Creative concept and budget

Creative concept and budget don’t often go well together especially if you have big ideas and a very small budget.  Even the most well thought out film idea or concept is not a project until it has been written out and formally budgeted. This means that you will have to properly develop your creative concepts and have a solid plan rather than just having them in your head as most film makers do. This is so you can look at the resources you have and allocate what money you have for production or seek outside funding which is always difficult. This is especially true for low or no budget film projects, which have their own challenges and require creativity to fill the gap where money is not available.

Hugely creative film concepts can really start to tip the scales in terms of the amount of money needed to produce them. It’s obvious that films such as Terminator 2 cost many millions of dollars to produce simply because of its high creative concepts and in comparison, the movie The Blair Witch Project, although a great story, didn’t have much more than teenagers filming with camcorders and production costs were still hundreds of thousands of dollars.  So now that you’ve identified your creative concepts and have a fairly good idea on how much the movie production will cost, you will need to seek extra funding from investors and/or minimize what you can in production to still achieve a similar effect.

Start identifying what you have available in the setting of the story idea you are working on. Things that could be included in this are equipment and resources, your performers and crew, and the abilities that you have as the producer and/or director. Identify where you are lacking and then alter your base idea to reflect the available resources that you have on hand.  Once the project begins to be transformed, you need to find what you absolutely must have. You could reduce or eliminate characters that are not absolutely needed and work out which are the expensive scenes to try to cut the cost. Decide which crew members you need and then cross off other crew positions that you are not able to afford.  Film making is all about contacting investors and distributors, and part of your film plan should be to have the ability to adapt, but this does not mean that you should modify your film so much that it’s nowhere near your original concept.  Look at the possibilities and critique them as far as possible.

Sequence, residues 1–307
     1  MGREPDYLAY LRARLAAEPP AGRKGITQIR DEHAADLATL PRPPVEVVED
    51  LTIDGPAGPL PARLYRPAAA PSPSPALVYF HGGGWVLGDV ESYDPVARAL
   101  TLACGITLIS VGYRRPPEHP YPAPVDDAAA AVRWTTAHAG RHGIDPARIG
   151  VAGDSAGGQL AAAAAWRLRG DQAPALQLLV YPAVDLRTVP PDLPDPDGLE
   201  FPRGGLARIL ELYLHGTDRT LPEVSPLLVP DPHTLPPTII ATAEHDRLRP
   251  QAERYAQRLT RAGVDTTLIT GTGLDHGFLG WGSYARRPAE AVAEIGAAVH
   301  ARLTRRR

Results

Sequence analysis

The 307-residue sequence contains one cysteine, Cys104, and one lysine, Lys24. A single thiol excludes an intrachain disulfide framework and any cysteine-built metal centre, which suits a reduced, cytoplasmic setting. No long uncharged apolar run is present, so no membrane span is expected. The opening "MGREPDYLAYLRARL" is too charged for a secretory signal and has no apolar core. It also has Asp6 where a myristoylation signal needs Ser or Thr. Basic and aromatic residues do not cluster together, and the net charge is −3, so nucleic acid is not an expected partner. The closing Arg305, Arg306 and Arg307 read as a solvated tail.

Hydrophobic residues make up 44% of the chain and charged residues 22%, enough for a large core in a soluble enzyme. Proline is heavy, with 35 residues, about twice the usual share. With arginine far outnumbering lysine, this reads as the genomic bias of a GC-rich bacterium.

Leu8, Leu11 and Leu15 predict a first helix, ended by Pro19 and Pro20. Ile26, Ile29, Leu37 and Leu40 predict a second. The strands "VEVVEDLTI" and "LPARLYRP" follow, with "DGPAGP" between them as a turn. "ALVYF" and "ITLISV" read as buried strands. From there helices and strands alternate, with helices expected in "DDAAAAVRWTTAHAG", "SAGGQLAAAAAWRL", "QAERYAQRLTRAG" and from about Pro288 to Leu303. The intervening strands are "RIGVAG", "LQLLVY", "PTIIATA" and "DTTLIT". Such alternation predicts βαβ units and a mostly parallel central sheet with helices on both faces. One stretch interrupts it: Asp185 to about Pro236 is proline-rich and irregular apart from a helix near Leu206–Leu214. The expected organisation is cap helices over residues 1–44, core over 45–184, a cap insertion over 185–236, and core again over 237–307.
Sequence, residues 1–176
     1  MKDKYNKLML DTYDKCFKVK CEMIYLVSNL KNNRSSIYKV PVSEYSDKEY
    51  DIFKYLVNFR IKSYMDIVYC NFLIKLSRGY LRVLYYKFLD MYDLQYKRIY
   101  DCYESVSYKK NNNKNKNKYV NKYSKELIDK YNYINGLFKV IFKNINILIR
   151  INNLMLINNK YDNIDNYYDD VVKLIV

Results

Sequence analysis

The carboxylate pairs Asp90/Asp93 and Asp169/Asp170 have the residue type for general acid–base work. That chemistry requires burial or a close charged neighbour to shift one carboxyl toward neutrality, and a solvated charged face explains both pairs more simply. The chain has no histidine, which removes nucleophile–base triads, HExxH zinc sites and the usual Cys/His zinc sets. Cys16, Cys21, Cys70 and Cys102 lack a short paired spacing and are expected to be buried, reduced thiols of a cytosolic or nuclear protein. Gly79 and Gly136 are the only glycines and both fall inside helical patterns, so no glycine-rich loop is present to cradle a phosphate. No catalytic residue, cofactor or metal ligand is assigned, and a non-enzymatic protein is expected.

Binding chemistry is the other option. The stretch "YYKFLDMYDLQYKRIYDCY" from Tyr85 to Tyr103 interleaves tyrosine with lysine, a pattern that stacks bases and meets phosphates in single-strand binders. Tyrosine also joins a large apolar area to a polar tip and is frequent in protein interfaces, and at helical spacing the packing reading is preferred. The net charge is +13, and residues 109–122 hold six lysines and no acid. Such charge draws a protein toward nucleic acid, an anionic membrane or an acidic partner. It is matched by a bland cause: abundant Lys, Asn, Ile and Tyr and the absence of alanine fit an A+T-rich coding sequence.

There will be certain times where it may be absolutely necessary to hire an outside, experienced team member in order to achieve your vision.  The amazing thing is that sometimes, hiring an expert may actually cost you less in the long run.  As example could be filming a scene from inside a car on London City streets.  If you were to physically do this, expenses would pile up pretty quickly including closing streets, insurance, a raft of professional equipment and stunt drivers, whereas if you were to hire an expert in VFX/Green-screen, you could film in the studio and edit to incorporate the car chase on a London street.  The possibilities are endless!